New Research on African Regional Integration from the Science, Technology, and Globalization Project

| June 02, 2016

The adoption of the Tripartite Free Trade Area (TFTA) Agreement on June 10, 2015, was a landmark event. The agreement promises to do for Africa’s economic freedom what earlier events did for its decolonization and political freedom. The impact of the agreement cannot be assessed in isolation of Africa’s quest for a greater role on the global trading scene.

In a new manuscript that chronicles the adoption of the TFTA, STG Project Director, Calestous Juma, and COMESA Director of Trade, Customs and Monetary Affairs, Dr. Francis Mangeni, argue that Africa is pursuing regional trade as part of a broader strategy for long-term economic transformation. For this reason, African trade integration measures combine facilitation of free movement of goods and services, investment in infrastructure, and promotion of industrial development. Economic integration is therefore part of the long-term political vision to unleash the continent’s entrepreneurial potential through regional trade.

This manuscript is both historical and prospective. It outlines the path followed in reaching agreement and identifies the various obstacles faced. It will serve as a handbook for those pursuing the implementation of the Agreement or seeking to promote similar integration in other parts of Africa. By stressing the lessons learned throughout the negotiations, this manuscript will serve as a textbook for those involved in creating a new image of Africa that is guided by a common vision, pursued through experimentation and learning, and achieved through determined collective action.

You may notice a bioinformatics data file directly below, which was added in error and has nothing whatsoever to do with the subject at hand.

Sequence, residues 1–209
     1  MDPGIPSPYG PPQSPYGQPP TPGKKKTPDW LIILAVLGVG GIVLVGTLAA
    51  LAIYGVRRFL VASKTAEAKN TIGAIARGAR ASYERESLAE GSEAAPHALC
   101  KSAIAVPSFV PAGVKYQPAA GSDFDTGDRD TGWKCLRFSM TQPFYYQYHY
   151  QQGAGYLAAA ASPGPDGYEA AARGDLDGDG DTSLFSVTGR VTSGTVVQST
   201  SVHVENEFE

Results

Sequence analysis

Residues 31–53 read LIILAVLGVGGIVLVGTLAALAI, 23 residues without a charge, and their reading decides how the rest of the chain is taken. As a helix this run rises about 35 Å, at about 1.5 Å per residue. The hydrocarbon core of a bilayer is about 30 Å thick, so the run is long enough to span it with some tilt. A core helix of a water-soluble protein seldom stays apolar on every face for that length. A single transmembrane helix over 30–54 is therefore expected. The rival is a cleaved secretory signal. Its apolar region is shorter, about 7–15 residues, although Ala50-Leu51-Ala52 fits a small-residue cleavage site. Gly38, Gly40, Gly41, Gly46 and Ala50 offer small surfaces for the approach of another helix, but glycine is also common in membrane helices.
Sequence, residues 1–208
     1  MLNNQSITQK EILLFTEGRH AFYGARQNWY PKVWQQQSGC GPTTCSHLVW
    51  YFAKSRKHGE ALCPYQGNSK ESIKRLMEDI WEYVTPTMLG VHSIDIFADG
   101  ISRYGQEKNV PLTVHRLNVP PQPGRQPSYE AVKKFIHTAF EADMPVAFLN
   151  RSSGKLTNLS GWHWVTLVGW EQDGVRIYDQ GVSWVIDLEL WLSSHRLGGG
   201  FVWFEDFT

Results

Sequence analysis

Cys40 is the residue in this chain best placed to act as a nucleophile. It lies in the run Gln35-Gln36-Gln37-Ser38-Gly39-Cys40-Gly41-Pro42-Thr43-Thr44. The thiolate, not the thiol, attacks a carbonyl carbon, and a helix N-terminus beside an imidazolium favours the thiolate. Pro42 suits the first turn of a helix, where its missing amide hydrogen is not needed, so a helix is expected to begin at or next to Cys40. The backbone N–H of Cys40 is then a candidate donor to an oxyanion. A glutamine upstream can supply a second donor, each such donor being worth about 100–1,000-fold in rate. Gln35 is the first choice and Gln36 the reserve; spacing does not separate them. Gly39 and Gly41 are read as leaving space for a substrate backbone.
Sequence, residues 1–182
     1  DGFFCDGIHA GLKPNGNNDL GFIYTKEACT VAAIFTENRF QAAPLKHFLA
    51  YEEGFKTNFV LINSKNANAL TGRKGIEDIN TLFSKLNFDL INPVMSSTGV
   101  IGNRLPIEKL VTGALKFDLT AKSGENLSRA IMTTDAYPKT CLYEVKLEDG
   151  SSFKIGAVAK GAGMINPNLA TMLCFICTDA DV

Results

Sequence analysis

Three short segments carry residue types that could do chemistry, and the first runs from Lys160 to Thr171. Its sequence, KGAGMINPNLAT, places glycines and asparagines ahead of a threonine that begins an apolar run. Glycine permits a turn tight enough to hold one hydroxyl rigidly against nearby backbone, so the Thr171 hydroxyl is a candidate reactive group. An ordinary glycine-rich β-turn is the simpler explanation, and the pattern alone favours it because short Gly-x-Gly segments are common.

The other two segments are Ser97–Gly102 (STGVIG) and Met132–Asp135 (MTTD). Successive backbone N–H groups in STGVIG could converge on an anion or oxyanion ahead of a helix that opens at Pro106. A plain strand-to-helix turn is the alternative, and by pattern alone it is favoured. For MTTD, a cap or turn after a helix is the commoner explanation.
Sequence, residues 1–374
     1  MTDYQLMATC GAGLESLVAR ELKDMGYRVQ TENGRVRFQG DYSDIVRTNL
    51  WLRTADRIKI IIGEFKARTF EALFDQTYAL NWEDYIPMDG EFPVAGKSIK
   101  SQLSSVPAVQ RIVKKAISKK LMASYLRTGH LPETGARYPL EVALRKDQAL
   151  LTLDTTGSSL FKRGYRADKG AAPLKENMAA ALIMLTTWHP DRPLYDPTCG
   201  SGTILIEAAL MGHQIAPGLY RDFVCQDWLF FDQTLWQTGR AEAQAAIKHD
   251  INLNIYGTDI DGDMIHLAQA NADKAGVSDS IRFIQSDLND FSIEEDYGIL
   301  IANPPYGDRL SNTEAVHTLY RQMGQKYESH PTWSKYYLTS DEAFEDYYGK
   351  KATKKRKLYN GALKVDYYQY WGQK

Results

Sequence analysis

Above all, the goal is to instill in the next generation the spirit of setting out a bold political vision, pursing it relentlessly with bold experiments, creating institutions through which new lessons are learned, and scaling those lessons to meet the aspirations of wider communities. A vast continent such as Africa offers great opportunities for learning through trial and error. The process of creating the grand trading areas has shown how much can be achieved where there is political will, autonomy of action, and protection from blame. The free trade area will create its own challenges, but at least Africans have gleaned from the process that a lot can be achieved where learning is the principal driver of cooperation.

For more information on this publication: Please contact Science, Technology, and Globalization
For Academic Citation: Gordon, Katherine. “New Research on African Regional Integration from the Science, Technology, and Globalization Project.” News, , June 2, 2016.

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